Henry’s Home

Hi, my name is Laura, And I have a little boy named Henry. And we’re here today, to tell you OUR story.

March 2016,

At the age of 23 I found myself pregnant, during this time I was already on the hunt to buy my first home. In June, the day of my birthday, the offer was accepted and I was just awaiting the keys.

During my entire pregnancy, I didn’t really grow in size, nor did I feel much movement, I would get the odd flutter at night time.

On Tues 11th October at 9:30am, I made my way to my midwife check up. I don’t remember much from that day, but I do remember this.

Midwife “I’m not finding a heartbeat” “Have you felt any movement”.

The midwife has now told me, I need to go straight to the hospital, no pit stops. Straight there!

The birthing centre was already waiting my arrival with a room ready for me. I was instantly put on the monitor to check the babies breathing. The signs were not good.

I barely had time to make a phone call as they wheeled me to theatre prepping me on the way. My head was spinning, my face flooded with tears. Although surrounded by doctors and nurses, I was alone and scared.

Lights out.

I didn’t wake up until 12:20. In a panicked state, coming round from morphine. The room is fuzzy. I see a nurse standing over me, and then he begins to explain. “Henry was born at 10:59am, he was 6 weeks early, and sadly they were some complications. Henry was born not breathing, and with his umbilical cord wrapped around his neck and his left arm twice. After 11.5 minutes of resuscitation and a jab to the heart he finally pulled through. He has been taken to the NICU ward”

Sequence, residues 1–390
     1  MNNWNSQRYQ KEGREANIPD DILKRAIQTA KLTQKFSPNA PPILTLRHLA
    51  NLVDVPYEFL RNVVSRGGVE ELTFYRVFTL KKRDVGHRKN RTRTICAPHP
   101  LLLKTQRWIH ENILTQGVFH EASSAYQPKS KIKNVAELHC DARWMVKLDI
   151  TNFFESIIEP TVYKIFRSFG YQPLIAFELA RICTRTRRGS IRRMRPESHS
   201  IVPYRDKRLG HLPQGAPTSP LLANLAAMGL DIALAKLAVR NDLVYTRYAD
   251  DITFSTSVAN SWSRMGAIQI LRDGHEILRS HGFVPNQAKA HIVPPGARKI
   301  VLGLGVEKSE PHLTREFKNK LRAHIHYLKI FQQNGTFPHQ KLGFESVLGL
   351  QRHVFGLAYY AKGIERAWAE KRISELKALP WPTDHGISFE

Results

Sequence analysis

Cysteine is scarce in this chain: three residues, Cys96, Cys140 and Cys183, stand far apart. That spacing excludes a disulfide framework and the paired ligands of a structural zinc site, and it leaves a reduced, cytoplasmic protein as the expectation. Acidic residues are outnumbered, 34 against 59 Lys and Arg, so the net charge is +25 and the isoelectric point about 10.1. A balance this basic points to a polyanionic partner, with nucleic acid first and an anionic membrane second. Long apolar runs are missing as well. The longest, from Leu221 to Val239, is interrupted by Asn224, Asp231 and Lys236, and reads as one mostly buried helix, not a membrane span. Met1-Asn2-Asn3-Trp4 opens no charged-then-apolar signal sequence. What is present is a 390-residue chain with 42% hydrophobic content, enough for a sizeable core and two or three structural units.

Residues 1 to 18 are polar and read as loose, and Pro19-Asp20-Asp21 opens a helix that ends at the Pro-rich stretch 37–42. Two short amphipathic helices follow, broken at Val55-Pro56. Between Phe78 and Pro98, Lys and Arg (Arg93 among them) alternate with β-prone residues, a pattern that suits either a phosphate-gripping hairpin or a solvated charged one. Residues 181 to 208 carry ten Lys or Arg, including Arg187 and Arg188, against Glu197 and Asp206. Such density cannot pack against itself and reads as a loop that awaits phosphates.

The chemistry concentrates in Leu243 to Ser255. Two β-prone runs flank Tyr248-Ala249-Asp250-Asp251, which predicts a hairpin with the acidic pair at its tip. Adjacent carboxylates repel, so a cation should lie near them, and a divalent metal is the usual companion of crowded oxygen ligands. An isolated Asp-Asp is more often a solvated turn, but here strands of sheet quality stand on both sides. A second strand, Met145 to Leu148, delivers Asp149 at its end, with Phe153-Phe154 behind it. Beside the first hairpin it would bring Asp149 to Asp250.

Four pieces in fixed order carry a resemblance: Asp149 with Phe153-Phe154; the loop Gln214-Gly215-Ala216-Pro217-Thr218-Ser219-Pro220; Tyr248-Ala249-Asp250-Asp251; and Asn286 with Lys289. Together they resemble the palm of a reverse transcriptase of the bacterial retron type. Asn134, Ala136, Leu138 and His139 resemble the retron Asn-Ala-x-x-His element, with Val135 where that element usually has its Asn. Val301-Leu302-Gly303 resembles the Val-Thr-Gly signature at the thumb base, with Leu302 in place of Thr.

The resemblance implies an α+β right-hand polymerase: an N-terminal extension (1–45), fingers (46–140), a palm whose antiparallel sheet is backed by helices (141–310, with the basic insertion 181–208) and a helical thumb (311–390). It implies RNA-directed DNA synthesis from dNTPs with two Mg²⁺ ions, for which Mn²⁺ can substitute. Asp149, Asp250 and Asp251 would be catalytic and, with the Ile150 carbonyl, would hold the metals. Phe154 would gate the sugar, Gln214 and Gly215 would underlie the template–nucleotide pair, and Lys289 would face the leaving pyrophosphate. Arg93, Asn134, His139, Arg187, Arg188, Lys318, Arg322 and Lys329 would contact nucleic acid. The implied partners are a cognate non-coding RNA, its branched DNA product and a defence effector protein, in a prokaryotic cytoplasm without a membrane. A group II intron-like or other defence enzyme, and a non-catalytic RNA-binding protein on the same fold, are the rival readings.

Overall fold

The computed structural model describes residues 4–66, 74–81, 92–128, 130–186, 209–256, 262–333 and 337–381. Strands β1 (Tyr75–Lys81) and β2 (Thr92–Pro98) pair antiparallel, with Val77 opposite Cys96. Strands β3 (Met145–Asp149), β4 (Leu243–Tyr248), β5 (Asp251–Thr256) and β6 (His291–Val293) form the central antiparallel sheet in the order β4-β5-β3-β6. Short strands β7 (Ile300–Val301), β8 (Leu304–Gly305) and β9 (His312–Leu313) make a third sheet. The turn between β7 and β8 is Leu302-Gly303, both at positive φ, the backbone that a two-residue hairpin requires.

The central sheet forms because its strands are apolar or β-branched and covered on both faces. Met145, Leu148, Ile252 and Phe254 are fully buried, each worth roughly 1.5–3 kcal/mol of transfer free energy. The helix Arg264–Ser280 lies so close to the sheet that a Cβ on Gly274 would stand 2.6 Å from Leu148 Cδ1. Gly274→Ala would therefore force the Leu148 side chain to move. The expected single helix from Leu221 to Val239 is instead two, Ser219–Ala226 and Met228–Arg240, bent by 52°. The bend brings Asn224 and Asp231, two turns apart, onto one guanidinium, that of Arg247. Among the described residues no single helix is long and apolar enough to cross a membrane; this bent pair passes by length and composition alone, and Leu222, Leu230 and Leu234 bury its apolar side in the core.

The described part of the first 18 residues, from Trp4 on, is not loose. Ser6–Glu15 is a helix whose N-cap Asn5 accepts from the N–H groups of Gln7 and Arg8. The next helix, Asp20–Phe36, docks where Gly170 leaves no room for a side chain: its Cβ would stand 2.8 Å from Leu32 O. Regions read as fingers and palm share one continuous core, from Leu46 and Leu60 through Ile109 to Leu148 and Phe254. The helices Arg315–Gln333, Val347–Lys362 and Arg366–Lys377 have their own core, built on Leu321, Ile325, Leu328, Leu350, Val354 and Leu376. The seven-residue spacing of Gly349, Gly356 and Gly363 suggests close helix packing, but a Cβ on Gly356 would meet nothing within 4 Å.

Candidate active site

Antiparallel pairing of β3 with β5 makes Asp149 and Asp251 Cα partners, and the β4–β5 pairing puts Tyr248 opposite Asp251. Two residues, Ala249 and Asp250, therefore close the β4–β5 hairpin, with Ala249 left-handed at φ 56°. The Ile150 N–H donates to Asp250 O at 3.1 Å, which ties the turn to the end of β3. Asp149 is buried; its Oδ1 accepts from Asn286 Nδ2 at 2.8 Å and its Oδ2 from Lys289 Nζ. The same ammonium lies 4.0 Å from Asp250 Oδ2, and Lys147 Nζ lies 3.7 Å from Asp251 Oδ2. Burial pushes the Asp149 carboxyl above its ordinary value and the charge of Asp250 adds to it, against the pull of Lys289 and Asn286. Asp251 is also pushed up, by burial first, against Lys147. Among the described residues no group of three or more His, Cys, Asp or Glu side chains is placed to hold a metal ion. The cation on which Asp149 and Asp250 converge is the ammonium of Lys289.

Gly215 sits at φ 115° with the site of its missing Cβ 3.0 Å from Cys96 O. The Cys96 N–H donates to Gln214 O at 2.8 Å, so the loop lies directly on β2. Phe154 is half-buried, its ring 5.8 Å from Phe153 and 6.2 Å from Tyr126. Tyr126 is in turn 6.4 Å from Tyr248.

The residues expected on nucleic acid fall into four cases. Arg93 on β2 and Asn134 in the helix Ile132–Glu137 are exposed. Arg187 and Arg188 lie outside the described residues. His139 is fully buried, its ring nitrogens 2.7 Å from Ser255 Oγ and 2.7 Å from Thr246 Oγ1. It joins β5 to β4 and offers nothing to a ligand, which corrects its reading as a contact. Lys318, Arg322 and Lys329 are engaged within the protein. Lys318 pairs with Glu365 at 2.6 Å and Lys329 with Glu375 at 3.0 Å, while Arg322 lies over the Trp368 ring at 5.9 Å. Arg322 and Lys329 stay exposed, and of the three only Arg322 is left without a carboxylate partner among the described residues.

What must be going through my mind, I have no idea. I’m not sure I believe it. Feeling hazy from the morphine, barely keeping my eyes open. His words don’t really sink in. Almost 10 hours later, feeling uneasy, tired. I’m wheeled to the NICU to see Henry for the first time. Overwhelmed by the busyness of all the equipment, I peer in to see Henry hooked up to all the machinery you could think of, I could barely see his skin through all the tape, wires and plugs. I can still hear the machines beeping.

He only weighed 2lb 6oz, however he was born with Hydrops. This is Severe swelling of the body, and is a life threatening problem. Henry’s kidneys began to fail because of this amongst other complications arising. Once all the fluid had finally been flushed out, Henry’s true weight was only 1lb 9oz.

Henry was on the NICU ward for 6 weeks, 4 weeks of this time he spent in the critical unit, where Henry underwent a lot of procedures, tests, MRI’s and scans, being poked, pulled and prodded every minute of every day. Being told almost every day that he may still not make it. Henry was diagnosed with a number of complex needs while he was in NICU, these being;

* Hydrops

* Severe brain damage

* Cerebral palsy

* Scoliosis

Unable to hold Henry for the first 2 weeks I’m finally allowed my first cuddle, but only for a brief moment. I hold him tight knowing this could be the last time.

Moving forward 6months, it hasn’t been easy. Still processing the complications during Henry’s birth and the news of his complex health needs, the news just keeps getting worse. After being discharged from the NICU, Henry’s immune system was low. As a result of this we were unable to leave the house so we had the first few weeks of peace, making the most of snuggles on the sofa. As time went on, I started noticing things with Henry. Things that to a mother, didn’t feel right. Two things I noticed in particular, one being his breathing, and the second his eyes.

His breathing has always been very loud, husky like. Sounded like he was struggling. At night time it was like he was snoring and would sometimes even stop breathing. As for his eyes I began to notice he wasn’t really focusing or looking at anything. It was more like he was staring through it. So I quickly made emergency appointments for both of these worries.